~ Let the games begin ~
Katniss Everdeen is a badass. And so is Suzanne Collins, the author of The Hunger Games, in which our heroine is a 16 year old fiercely protective big sister, futuristic female Theseus, and a strong young woman with a mad skill for archery. The books are all the rage with everyone from my 12 year old daughter to the intellectual critics for the New York Times. And, having just started reading it myself…I can see why. The story is wildly entertaining and very well-written. The Hunger Games seems to go a step beyond the popular wizards and vampires stalking the bestsellers these days. And I’m pretty sure it’s because it’s subject matter is so timely, so vital…and though it is seen as a complete extrapolation into a Orwell/Bradburyesque dystopian world…it’s main theme of hunger is as real as this very present day of March 23rd, 2012. And that makes me immediately love this book and it’s female author. For the very essence of the book for me is the struggle of man vs. nature…order vs. chaos…or the age old Joseph Campbellian way of seeing it feminine vs. masculine. In this case Katniss is a modern day Diana the huntress, strong and untamed, protector of the woods. She’s mother nature with a bow and arrow, and she’s ready to fight for her survival and for the protection of what she loves.
I also am a big fan of Suzanne Collins, because she was a theatre major, and actually started her career writing plays for adults. She gravitated towards children’s stories and wrote the popular series Underland Chronicles. Eventually she wrote the phenomenally popular young adult series starting with The Hunger Games. But, you can see from her background, she is a great dramatic storyteller, and the book definitely follows a very theatrical structure, almost as if it were a 3 act play. Which of course, being a theatah person…I totally dig.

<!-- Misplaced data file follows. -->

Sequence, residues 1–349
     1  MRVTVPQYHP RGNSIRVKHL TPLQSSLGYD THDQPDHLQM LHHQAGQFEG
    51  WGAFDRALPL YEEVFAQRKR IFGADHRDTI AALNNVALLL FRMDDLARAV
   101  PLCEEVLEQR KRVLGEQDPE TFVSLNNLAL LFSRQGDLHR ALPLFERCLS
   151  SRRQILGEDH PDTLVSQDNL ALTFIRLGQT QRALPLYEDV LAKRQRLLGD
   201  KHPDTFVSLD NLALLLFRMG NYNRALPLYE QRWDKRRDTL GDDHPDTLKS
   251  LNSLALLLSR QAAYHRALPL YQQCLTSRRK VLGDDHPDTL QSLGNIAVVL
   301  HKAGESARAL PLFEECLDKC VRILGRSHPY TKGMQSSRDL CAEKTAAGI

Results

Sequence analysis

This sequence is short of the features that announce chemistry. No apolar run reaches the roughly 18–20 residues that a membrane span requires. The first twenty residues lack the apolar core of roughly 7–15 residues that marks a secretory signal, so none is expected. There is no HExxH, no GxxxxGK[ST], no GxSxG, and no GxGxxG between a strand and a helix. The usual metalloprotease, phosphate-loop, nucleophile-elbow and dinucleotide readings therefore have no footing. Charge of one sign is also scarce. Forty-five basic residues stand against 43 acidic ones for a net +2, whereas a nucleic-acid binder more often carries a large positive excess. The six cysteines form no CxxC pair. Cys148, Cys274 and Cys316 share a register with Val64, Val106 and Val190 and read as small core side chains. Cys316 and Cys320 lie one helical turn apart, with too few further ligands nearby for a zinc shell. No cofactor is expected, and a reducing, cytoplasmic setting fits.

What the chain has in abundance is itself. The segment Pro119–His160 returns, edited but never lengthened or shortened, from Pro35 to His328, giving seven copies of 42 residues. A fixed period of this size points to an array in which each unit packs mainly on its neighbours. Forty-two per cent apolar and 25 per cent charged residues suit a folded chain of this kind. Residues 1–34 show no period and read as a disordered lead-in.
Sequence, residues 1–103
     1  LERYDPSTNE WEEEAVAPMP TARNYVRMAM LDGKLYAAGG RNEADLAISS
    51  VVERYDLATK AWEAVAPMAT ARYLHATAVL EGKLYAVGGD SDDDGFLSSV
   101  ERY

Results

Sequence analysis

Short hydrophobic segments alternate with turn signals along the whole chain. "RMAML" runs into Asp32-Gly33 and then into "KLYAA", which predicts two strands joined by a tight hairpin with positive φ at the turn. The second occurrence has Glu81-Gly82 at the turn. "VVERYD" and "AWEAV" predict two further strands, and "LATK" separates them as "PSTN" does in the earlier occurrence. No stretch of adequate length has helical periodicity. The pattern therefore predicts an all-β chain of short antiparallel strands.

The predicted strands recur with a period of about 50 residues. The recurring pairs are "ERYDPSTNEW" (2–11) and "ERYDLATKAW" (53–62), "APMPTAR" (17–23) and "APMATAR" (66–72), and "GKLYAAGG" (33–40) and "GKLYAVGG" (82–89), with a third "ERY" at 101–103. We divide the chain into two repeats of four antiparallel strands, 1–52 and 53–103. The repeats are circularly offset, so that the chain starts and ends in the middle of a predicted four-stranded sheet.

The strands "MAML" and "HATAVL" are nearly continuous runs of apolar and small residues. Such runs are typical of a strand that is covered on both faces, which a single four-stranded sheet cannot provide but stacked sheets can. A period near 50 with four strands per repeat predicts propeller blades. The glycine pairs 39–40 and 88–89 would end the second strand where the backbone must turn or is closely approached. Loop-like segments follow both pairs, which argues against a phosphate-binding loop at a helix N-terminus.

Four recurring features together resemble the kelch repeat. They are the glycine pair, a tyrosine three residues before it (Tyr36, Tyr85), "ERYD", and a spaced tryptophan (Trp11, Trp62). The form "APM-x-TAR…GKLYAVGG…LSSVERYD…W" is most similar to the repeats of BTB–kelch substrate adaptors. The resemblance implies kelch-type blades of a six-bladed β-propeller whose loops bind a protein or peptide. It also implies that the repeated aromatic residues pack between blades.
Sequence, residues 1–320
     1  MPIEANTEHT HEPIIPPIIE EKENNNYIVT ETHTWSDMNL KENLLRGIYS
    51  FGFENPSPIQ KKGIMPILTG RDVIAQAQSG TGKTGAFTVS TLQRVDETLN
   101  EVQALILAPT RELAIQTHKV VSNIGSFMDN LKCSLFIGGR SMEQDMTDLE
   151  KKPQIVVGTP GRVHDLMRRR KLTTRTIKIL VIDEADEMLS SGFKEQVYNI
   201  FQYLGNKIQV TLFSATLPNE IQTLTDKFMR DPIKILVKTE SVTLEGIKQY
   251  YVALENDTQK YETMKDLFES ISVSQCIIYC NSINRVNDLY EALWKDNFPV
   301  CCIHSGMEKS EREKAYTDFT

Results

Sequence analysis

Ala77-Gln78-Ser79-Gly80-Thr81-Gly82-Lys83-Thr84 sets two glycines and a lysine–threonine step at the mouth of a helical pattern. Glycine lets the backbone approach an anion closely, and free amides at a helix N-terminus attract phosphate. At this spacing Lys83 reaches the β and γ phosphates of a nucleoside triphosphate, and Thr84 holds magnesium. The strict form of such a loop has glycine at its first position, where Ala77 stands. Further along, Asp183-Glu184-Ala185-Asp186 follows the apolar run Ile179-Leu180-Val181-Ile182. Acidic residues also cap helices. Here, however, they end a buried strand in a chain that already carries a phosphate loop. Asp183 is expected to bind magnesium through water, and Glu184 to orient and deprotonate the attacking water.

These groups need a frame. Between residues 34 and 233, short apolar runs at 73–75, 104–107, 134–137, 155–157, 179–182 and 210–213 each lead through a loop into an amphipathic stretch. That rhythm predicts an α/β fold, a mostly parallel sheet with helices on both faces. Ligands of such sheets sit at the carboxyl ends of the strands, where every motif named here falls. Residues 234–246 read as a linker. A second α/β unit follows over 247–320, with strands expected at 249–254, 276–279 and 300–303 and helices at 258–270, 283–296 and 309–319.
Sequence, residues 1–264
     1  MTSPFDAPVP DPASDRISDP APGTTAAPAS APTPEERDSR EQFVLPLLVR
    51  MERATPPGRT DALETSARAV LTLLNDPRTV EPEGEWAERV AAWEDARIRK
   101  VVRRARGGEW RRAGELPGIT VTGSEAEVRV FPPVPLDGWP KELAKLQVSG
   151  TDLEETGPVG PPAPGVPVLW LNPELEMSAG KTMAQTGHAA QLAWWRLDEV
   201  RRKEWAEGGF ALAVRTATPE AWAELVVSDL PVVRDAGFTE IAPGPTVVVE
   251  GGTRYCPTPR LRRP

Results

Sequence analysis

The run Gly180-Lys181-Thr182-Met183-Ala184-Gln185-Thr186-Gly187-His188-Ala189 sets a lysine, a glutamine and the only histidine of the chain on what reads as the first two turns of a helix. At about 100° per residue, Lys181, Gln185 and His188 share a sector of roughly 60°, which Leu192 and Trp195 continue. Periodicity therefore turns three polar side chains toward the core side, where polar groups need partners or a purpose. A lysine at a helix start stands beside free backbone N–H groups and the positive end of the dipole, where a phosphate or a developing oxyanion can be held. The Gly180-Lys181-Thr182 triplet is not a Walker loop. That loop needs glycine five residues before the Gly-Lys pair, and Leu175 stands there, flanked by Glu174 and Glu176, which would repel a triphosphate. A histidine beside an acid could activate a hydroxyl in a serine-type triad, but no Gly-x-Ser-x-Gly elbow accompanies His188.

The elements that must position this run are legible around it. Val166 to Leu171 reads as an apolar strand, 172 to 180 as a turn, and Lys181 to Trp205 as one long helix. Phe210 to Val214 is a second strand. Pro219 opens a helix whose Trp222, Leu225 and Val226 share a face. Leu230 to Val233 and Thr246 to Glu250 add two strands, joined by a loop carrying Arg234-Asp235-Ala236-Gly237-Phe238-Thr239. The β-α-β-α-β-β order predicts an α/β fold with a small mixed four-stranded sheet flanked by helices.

But, what I love most about this book and it’s author is that she is bringing to light some very heavy issues that should be sensitively brought to the attention of every young adult. Not only the issue of world wide hunger, but also the harsh realities of war. When asked what inspired her to write this book, she says it was the result of the juxtaposition of watching a reality t.v. show and the Iraq war coverage at the same time. Collins says:
“I was channel surfing between reality TV programming and actual war coverage when Katniss’s story came to me. One night I’m sitting there flipping around and on one channel there’s a group of young people competing for, I don’t know, money maybe? And on the next, there’s a group of young people fighting an actual war. And I was tired, and the lines began to blur in this very unsettling way, and I thought of this story. “
“It’s crucial that young readers are considering scenarios about humanity’s future, because the challenges are about to land in their laps. I hope they question how elements of the books might be relevant to their own lives. About global warming, about our mistreatment of the environment, but also questions like: How do you feel about the fact that some people take their next meal for granted when so many other people are starving in the world?”